CCC staff and clients, along with their friends, family and hundreds of other community members and organizations, took part in the two-mile walk from southwest to northwest Portland, which felt more like a political march than a fundraising event. Key legislators and decision makers helped kick off the walk at an opening rally, sharing words of encouragement to participants about why mobilizing to address addiction is so important. Representatives from Oregon Recovers, which organized the Walk for Recovery, emphasized the goal of building a movement of people in recovery in order to drive widespread support for addiction prevention and treatment across Oregon.

During the walk, as participants passed by multiple addiction treatment and help centers — including CCC’s own CCC Recovery Center, Imani Center and Old Town Recovery Center programs — they proudly help up hand-made signs with messages of encouragement to those in recovery and calls to action for elected officials to increase access to treatment.

One of the largest contingents at the Walk for Recovery was made up of staff, clients and alumni of Puentes, CCC’s culturally specific recovery program for Spanish speakers. Ricardo Verdeguez, a recovery mentor and drug and alcohol counselor at Puentes, highlighted a significant barrier in recovery services: the lack of Spanish-language treatment programs.

"Today I have a life and I have a family because I am in recovery."

“After 30 years of battling addiction, there was no treatment for me as a third-generation Latino,” Ricardo shared during his speech at the Walk for Recovery rally. “I found treatment with Central City Concern and I’m grateful, because they have culturally specific treatment. Today I have a life and I have a family because I am in recovery.”

Puentes’ large presence at the Walk for Recovery was fitting, where increasing access to recovery services was a reoccurring theme. Oregon ranks 50th in the country — last place — in access to treatment. Puentes has worked hard to welcome Portland’s Spanish-speakers into a culturally responsive community where things like language, country of origin and documentation status are not barriers to beginning and maintaining a life in recovery. While much work remains in breaking barriers to preventing and treating addiction, we are proud to serve the Latino recovery community through our Puentes program.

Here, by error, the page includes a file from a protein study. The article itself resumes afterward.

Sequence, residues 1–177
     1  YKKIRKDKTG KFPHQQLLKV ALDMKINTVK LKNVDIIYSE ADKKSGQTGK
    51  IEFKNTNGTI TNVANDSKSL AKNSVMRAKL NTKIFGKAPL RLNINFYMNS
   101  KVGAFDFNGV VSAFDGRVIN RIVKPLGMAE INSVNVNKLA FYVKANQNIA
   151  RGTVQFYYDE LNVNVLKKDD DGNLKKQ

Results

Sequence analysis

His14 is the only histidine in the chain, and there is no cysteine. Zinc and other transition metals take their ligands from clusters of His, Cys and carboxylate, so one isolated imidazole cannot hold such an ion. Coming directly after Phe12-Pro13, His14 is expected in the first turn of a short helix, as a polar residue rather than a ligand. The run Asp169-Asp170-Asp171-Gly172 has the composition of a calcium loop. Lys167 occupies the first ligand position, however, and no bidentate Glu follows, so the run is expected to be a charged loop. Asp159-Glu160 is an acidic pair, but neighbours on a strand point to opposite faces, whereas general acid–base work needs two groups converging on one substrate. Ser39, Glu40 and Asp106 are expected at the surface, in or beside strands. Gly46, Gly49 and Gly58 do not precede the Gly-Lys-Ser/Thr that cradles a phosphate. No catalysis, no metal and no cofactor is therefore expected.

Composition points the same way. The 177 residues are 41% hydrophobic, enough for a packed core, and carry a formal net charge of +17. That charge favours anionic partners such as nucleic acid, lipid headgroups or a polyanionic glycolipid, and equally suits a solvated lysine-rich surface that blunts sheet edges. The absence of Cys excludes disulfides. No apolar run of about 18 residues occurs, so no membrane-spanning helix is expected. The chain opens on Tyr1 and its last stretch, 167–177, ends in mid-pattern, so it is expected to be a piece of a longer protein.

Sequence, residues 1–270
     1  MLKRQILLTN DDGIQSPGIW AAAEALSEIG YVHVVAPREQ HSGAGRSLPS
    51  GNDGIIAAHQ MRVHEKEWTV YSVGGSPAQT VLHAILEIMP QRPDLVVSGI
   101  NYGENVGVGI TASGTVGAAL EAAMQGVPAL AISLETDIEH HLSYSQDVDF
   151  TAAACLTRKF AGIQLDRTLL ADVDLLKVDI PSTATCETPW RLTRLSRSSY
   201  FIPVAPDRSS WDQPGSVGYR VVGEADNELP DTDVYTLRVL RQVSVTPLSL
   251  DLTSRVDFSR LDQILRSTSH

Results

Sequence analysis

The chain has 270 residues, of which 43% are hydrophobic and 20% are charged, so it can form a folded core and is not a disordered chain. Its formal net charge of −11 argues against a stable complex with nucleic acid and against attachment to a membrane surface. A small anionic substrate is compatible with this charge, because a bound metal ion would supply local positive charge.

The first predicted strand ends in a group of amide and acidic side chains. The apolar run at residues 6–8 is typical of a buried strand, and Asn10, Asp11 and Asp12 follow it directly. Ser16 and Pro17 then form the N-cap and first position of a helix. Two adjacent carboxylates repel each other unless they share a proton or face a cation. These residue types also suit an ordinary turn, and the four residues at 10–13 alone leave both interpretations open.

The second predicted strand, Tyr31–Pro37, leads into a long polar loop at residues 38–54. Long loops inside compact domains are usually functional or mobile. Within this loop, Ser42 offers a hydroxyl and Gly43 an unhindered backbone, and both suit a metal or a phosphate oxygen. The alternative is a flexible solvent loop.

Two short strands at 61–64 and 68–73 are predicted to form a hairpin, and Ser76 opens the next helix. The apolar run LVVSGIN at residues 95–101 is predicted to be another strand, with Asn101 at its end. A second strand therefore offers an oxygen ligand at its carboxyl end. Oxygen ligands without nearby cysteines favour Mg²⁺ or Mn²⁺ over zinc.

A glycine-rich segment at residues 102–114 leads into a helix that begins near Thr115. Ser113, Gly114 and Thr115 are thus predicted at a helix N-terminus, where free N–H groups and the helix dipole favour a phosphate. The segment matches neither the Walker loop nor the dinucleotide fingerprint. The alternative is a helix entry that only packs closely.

With hundreds of Portlanders in attendance and over $100,000 raised to improve Oregon’s addiction recovery system, the Walk for Recovery was a success that CCC was thrilled to be a part of. While National Recovery Month might be over, our work to bring hope and healing to those struggling with addiction continues with the same determination and fire we witnessed during the weekend’s events.



Rooted in Community: CCC Volunteers

Aug 09, 2019

We close out our National Health Center Week 2019 series with a unique take on what it means to be “rooted in community” by focusing on Central City Concern (CCC) volunteers. CCC Volunteer Manager Westbrook Evans shares several ways our volunteers help CCC take root in our community, as well as how volunteers themselves become part of the community to which they give their time.

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This year’s theme of National Health Center Week is “rooted in community.” To honor this theme, we’re highlighting a group of people that elevates CCC's work and roots it in the broader community every day: our health center volunteers.

From administrative tasks and customer service roles, all the way to volunteer providers, more than 200 volunteers worked in our health care sites over the past year. On top of the positive impact volunteers have on our clients and staff, volunteers are often some of the best ambassadors for our mission. They share their work and experiences with their families, friends and co-workers. Volunteers truly spread our roots throughout Portland!